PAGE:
Biography of Doug Aitken
Currently living and working in New York and Los Angeles, the American multimedia artist Doug Aitken (born 1968 in Redondo Beach, US) is nowadays best known for his complex multimedia installations, such as the multi-screen video installation Electric Earth, exhibited at the Venice Biennale in 1999, which brought him international acclaim and earned him the Golden Lion.
In his body of work Doug Aitken utilizes a broad array of artistic media, such as film, sound, photography, sculpture, architectural inventions, print media, and performance in order to create and explore fictitious worlds in which he dissolves the boundaries of space, time and memory concepts. In his recent pieces, besides his large scale installations, the artist often works in multiples, such as his mirror objects Now (#2 mirrors) (2011, edition of 4) and More (x4) (2012, edition of 4) or his light boxes like Speed (2012, edition of 4) and End (2014, edition of 4) to express his ideas. A recurring theme that runs through his entire oeuvre is the exploration and deconstruction of the linear narrative which is demonstrated in the book Broken Screen: Expanding the Image, Breaking the Narrative (published 2006) and Sleepwalkers (2007), a nighttime installation at MoMa, comprising eight large scale moving images projected onto the museum's exterior walls, showing broken narratives of the nightlife of five New Yorkers.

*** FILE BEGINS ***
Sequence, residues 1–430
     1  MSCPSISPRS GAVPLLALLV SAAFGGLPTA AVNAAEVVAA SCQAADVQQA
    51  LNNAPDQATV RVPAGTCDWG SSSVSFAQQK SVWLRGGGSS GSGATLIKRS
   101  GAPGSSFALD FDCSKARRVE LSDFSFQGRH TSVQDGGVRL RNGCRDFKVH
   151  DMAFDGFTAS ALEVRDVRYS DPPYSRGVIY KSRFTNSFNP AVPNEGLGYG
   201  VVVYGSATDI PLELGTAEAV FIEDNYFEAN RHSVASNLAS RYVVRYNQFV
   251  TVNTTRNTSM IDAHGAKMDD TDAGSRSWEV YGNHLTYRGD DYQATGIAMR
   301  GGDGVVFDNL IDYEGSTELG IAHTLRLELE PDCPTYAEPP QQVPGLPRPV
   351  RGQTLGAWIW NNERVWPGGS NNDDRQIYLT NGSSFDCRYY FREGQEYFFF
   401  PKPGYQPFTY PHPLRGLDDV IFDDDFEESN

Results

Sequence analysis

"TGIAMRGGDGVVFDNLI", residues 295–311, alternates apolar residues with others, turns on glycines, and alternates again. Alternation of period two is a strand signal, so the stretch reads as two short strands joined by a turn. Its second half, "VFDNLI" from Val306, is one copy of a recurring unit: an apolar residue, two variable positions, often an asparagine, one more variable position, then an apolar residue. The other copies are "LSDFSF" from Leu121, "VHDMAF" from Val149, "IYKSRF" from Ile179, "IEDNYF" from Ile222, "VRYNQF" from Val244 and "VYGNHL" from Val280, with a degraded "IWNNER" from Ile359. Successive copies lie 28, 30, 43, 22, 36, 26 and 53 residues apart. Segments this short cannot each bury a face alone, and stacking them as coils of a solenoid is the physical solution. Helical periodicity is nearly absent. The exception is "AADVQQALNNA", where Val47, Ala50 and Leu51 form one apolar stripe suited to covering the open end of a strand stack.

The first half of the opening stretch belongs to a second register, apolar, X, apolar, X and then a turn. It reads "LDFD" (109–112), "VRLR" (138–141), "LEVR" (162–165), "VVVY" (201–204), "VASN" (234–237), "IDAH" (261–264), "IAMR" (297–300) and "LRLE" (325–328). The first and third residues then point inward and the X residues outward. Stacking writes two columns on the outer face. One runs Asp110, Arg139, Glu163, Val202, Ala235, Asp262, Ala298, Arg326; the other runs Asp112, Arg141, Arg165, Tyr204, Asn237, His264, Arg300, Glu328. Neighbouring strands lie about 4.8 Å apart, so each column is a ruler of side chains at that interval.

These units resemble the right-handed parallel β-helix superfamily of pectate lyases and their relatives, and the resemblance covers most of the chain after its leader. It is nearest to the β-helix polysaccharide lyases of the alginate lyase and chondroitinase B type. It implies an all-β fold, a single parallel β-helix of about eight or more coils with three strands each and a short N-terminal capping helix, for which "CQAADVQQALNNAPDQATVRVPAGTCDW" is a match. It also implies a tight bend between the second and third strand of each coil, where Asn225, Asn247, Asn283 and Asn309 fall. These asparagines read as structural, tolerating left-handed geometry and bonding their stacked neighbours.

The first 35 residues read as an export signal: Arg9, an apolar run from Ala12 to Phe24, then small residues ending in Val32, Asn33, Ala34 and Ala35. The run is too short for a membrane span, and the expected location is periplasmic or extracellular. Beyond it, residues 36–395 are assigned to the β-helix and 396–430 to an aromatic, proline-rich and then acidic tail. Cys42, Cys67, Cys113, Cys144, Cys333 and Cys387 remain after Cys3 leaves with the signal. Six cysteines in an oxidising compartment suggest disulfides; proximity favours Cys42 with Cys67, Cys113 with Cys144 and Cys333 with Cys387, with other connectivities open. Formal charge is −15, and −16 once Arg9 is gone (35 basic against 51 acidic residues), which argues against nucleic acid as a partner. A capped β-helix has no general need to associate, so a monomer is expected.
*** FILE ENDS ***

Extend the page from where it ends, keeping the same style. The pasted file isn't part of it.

Doug Aitken follows a method of working that is characterized by an experimental, constantly changing and site-specific working process. He states in conversation with Amanda Sharp: "I am constantly piecing things together, finding fragments of information, splicing them, collaging them, montaging them to create a network of perceptions. (…) I'm not interested in creating projects that illustrate and define; I would rather make departure points, stimuli for questions, provocation."